In the Reformed tradition we don't believe with the church of Rome that in transubstantiation there is an actual change of the underlying substance of the bread and wine into the body and blood of Christ. But we certainly do believe in the "real spiritual presence" of Christ in the Lord's Supper. And real and spiritual are not mutually exclusive terms.

Listen to Calvin's strong words on the subject:

... all the benefit which we should seek in the Supper is annihilated if Jesus Christ be not there given to us as the substance and foundation of all. That being fixed, we will confess, without doubt, that to deny that a true communication of Jesus Christ is presented to us in the Supper, is to render his holy sacrament frivolous and useless—an execrable blasphemy unfit to be listened to.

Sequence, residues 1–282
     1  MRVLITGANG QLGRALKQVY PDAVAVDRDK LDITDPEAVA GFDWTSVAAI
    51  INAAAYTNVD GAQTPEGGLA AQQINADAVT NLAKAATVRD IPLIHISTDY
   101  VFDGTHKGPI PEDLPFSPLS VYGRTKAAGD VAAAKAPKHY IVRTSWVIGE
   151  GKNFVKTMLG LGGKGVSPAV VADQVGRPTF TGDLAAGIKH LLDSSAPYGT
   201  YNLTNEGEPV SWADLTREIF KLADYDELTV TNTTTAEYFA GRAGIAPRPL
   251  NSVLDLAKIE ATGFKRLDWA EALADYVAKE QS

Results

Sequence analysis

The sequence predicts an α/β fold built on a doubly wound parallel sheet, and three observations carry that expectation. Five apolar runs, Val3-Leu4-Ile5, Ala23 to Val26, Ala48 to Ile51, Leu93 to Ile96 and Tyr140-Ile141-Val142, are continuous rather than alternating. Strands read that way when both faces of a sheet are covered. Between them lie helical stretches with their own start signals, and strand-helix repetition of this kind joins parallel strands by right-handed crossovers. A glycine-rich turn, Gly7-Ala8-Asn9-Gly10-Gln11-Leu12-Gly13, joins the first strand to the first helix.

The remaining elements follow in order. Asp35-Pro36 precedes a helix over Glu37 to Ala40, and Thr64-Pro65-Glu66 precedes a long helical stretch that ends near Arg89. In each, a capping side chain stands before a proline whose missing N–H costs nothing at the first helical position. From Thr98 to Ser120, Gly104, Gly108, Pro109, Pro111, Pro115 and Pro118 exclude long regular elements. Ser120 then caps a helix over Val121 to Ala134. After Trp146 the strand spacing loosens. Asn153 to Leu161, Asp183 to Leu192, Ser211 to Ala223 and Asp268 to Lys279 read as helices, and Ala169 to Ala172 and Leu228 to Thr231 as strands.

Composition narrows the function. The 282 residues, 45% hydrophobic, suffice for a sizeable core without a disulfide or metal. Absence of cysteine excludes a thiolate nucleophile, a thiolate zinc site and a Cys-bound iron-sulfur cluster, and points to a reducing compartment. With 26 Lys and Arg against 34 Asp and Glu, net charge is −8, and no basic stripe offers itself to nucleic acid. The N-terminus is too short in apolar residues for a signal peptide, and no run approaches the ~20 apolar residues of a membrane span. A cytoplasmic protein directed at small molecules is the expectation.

—Short Treatise, 12

Sounds like transubstantiation doesn't it? But here's the important difference: Calvin and the Reformed confessions clearly teach that Christ's real presence comes to us not by a change in the elements themselves, but through the operation of the Holy Spirit. As the personal agent of Christ and the bearer of all his saving gifts, the Spirit actually feeds us spiritually with the body and blood of Christ, the redeemer of us all. Calvin sums it up: "Even though it seems unbelievable that Christ's flesh, separated from us by such a great distance, penetrates to us, so that it becomes our food, let us remember how far the secret power of the Holy Spirit towers above all our senses ..." (Institutes, IV.xvii.10). At the Lord's table we lift our hearts to Christ in heaven, who sends his Holy Spirit to unite us with him in his glorified humanity through our sharing of the bread and the wine.